Most Mid-Coast schools meet standards in final MEA
As the state casts the final curtain call on the Maine Educational Assessment, it reports that Mid-Coast schools fared well in the 2009 round of testing, meeting achievement level standards in nearly every grade and subject.
The Maine Department of Education announced Aug. 13 that the percentage of students meeting the standards rose in almost all grades for reading and math. It's a good bow for the MEA to take before the state switches to the New England Common Assessment Program this fall.
Reviewing his schools' results on Monday, Regional School Unit 1 Superintendent William Shuttleworth said that "Overall, they look good. You still have some pockets of kids who struggle on formalized testing, usually children who are identified as special needs."
While Bath schools generally met the standards, Bath Middle School's eighth grade scored 837 in mathematics, six points lower than the state results, and only partially met the standards.
"Definitely we have made some strong gains in both reading and math, and we're very happy with that," the superintendent said.
The eighth grade at Bath Middle School and the fifth grade at Fisher-Mitchell School scored 844 and 541 points in science respectively, both two points lower than the state results but still meeting the standards. Science testing for grade 5 began in 2008-09.
"There were no pockets of difficulty," Shuttleworth said. "We have realigned our science curriculum with the Maine Learning Results. That was the biggest change in probably the entire Maine Learning Results, was the entire shift in science. So given that, there were totally different elements on the test, and our kids did pretty good."
In preparing for the transition from the MEA to the NECAP, Shuttleworth said RSU 1 is improving its focus on writing, an element not included on the final MEA test due to the switch to the NECAP writing assessment. He said the unit will have a committee this year focusing on strengthening students' writing processes.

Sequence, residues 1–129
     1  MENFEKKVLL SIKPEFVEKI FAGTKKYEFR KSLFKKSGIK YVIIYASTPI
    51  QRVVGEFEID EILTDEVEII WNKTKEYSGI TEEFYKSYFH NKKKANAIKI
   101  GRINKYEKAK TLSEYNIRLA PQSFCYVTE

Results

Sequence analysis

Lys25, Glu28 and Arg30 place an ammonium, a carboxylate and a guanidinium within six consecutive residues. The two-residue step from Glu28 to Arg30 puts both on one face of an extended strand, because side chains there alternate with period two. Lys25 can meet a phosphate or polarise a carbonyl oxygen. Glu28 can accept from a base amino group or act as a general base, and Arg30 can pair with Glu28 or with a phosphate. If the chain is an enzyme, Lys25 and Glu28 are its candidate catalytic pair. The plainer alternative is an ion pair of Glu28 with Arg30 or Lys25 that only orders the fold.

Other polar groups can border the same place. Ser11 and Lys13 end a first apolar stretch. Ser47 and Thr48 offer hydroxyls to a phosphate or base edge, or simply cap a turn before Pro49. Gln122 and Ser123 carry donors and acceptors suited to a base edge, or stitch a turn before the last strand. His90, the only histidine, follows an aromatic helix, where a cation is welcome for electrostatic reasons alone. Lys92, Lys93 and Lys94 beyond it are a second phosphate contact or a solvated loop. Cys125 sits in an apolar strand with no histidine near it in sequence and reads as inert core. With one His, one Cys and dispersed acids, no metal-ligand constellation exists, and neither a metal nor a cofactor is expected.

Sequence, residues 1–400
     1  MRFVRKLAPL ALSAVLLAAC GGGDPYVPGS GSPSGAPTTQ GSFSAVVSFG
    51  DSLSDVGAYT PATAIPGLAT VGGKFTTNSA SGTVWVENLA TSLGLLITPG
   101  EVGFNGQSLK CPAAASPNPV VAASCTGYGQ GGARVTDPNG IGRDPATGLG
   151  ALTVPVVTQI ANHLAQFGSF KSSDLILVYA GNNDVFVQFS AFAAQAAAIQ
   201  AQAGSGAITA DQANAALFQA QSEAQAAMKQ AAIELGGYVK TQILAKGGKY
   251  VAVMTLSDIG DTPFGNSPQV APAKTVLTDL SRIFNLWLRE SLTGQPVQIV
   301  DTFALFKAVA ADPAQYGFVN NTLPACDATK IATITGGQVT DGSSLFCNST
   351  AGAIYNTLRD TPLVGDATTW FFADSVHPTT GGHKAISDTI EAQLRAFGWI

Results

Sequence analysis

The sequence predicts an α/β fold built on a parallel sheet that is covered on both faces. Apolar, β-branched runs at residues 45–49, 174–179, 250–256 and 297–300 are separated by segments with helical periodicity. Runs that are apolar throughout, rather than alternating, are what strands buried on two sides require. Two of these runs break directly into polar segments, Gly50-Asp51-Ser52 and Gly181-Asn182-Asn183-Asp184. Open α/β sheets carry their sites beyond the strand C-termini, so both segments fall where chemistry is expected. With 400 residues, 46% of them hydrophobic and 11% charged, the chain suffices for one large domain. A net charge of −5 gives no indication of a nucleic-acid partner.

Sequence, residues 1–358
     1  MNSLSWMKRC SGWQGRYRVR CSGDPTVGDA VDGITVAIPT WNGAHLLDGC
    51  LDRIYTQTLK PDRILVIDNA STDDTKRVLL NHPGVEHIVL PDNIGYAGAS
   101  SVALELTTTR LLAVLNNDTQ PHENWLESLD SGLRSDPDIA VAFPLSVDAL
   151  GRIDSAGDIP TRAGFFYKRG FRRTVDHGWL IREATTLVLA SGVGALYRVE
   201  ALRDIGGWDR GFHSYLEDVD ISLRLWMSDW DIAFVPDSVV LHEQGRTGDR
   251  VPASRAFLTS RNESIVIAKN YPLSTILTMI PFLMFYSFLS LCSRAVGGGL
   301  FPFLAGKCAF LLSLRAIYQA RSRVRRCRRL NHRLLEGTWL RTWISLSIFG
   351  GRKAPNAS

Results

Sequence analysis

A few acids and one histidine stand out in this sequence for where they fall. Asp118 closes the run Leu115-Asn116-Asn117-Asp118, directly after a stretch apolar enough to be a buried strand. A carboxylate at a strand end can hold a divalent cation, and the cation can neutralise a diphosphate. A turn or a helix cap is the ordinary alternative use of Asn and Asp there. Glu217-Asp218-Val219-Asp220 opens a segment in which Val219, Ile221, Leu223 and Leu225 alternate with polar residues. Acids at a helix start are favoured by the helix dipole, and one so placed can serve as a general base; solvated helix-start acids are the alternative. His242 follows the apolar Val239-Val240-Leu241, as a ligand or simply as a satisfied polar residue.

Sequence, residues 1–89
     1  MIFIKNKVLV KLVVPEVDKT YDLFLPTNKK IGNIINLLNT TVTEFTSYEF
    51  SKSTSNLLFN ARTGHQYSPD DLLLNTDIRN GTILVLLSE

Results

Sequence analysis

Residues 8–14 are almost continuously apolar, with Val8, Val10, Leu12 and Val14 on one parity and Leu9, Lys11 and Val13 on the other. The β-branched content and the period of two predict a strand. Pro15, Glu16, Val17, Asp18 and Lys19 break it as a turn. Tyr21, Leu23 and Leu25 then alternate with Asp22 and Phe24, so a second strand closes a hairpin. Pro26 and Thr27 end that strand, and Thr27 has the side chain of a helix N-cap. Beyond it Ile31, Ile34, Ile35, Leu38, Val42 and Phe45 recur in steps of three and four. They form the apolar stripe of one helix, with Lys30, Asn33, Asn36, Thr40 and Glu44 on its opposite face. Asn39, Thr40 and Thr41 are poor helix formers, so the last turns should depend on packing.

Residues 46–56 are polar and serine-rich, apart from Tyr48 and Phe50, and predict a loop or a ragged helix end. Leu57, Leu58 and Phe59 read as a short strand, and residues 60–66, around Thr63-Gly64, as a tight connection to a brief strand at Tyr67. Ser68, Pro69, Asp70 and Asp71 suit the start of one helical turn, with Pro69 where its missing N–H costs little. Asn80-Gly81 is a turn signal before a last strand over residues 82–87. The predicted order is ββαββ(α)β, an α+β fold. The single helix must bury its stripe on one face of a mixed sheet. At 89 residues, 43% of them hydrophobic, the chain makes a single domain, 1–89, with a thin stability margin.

"Statewide writing scores have been poor," Shuttleworth said. "And we just need to strength that. Of course, you live in the digital world, now that kids communicate in a far different way of writing. They communicate with Twitter and blogs and short sound bites. MEAs don't measure that."
RSU 1 has used state-released past tests in order to familiarize students with the MEA, Shuttleworth said. He anticipates receiving such items for NECAP preparation as well.
School Administrative District 75 saw all scores meeting the standards, while West Harpswell School's third grade math score of 361 – 13 points higher than the state number – exceeded the standards. The Williams-Cone School in Topsham had 353 points for that category and grade, and the Harpswell Islands School had 354.
In nearly every case SAD 75's schools were equal to or greater than the state average.
SAD 75 Superintendent Mike Wilhelm said the district's overall scores were better than last year, reflecting a trend in the state. The Maine Department of Education reported on Aug. 13 that the percentage of students who met achievement level standards on this year's MEA rose in grades 3 through 8 in both reading and math, except for grade 8 reading, which saw unchanged grades from last year.
The percentage of students who met standards rose by up to 8 percentage points in 4th grade reading, and as little as 1 percent in eighth grade math. This year's scores reflect a continuation of a three-year trend of gradual increases in the number of students meeting achievement.